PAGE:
A presentation at Heritage University at CBC Week 11 in
November 2020 in
Pasco, WA 99301, USA by
Location: Online - ZoomTime: Monday’s from 5:30-8:15Week 11: 11/02/20Topic and Content Area: Effecting ChangeReading Assignment: Hepworth et al. (2017) chapter 17 and 18Assignments Due:
Other Important Information: N/A
Taken from Rudish, E. (2013) Increasing empathy: Empathy training manual. Retrieved from http://cultureofempathy.com/References/Experts/Others/Files/Marieke-Kingma-Empathy-Training-Manual.pdf
Learning objective: The participant is aware of the fact that every individual has his own point of view and knows the own perspective is not universal. The participant can enter the perspective of the other by focusing the attention on the differences between himself and others and by temporarily putting aside the own references.
[Whole Class Activity] Write the word OCEAN on the flap-over and ask the participants to close their eyes for a moment and let their senses take over as they imaging OCEAN. See it, smell it, hear it, feel it. Then ask the participants to share their thoughts and feeling when they think about the word OCEAN. Write down what you hear. How are the images different?
Discuss with the participants how earlier personal experiences filter what we imagine. All of us have slightly different filters that helps us to make meaning of the world. This is why our perceptions are never exactly like anyone else’s (Lieber, 1994).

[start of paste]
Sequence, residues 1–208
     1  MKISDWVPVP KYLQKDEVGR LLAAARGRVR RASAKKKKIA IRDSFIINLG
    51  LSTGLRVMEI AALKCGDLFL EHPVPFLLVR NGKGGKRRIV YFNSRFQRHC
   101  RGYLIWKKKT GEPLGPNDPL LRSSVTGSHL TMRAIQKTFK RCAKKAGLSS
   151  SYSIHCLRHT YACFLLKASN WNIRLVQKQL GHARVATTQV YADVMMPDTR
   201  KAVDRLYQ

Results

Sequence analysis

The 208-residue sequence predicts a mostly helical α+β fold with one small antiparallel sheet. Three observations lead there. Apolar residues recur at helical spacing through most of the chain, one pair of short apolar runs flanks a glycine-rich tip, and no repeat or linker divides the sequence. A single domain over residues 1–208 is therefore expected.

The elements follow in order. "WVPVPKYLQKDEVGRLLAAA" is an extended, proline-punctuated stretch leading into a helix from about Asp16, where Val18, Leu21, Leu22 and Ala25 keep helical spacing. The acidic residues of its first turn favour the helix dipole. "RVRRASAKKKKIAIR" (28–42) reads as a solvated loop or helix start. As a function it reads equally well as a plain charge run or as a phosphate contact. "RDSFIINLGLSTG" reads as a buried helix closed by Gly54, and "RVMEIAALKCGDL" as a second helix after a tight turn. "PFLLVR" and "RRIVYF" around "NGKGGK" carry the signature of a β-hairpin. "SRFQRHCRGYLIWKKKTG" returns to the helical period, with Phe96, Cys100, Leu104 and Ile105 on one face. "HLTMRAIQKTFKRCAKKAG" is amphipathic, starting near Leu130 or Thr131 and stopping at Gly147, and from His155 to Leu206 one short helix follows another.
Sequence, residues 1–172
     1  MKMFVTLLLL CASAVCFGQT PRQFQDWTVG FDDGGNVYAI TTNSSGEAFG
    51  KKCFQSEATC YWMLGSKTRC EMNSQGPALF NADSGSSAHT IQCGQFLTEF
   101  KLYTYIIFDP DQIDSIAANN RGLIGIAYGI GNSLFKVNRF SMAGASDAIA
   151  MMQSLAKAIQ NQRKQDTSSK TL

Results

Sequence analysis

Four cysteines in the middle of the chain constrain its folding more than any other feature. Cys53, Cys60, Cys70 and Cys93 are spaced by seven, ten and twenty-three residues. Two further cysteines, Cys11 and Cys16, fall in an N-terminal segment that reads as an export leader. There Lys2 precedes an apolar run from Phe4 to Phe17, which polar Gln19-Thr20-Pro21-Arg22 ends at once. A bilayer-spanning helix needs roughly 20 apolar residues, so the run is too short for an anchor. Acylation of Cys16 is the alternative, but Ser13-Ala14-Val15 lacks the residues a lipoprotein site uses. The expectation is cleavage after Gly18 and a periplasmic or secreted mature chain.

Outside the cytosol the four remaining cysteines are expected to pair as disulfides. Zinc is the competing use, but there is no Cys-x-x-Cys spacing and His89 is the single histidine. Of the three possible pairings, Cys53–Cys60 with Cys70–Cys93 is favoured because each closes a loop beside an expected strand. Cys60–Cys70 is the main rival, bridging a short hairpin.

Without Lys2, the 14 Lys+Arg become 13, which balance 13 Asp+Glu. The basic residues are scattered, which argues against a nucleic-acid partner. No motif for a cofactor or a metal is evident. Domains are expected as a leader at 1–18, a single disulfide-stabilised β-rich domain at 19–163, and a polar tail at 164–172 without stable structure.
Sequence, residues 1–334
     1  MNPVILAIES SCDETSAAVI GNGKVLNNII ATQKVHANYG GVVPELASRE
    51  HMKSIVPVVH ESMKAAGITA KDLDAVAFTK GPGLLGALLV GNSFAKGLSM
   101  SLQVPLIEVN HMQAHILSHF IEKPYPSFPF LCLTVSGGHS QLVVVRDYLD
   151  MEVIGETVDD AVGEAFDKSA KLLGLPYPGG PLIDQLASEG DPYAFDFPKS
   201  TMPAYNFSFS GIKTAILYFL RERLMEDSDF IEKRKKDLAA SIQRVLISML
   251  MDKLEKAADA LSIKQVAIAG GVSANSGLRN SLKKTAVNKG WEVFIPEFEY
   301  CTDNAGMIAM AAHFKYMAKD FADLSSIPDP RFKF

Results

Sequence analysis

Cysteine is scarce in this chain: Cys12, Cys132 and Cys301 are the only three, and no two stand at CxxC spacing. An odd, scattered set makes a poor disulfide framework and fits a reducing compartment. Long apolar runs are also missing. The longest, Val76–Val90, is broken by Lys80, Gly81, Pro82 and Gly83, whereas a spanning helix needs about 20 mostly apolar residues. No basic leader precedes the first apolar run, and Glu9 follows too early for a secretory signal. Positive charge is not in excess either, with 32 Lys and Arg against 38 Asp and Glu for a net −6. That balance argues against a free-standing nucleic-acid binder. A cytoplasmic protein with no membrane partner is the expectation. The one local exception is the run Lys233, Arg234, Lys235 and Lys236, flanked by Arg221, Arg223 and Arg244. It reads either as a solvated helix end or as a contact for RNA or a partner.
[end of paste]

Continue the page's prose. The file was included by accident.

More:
Exercise from Lieber (1994)
[Small Group Activity] Divide the participants in three groups of four. Explain that the groups may select words from the list below and participants will write down what the word on the card means to them. Then each participant in the group will read their definitions in a go-round. Remind the participants that they don’t interrupt or ask questions during this phase and remind them that the purpose of this exercise is to see how perceptions vary, not to determine a correct definition.This is also an opportunity to monitor for accurate listening skills and temporarily putting aside the own references. Each group may choose three words to use in this exercise.
The process may be as follows
In closing this exercise you can check out whether participants understanding of the words on the cards changed after they were discussed in their groups.
“Empathy has been defined as perceiving, understanding, experiencing, and responding to the emotional state of another person (Barker, 2003, p. 141).” (Hepworth, p. 513). Decety and Jackson (2004) describe two basic types of empathy.
There are three basic components of empathy laid out by the Hepworth text.
“Additive empathic responses go somewhat beyond what clients have expressed and, therefore, require some degree of inference by social workers. Thus, these responses are moderately interpretive— that is, they interpret forces operating to produce feelings, cognitions, reactions, and behavioral patterns” (Hepworth, p. 513). Cormier, Nurius, and Osborn (2009) describe that
“Levy (1963) classifies interpretations into two categories: semantic and propositional” (Hepworth, p. 514).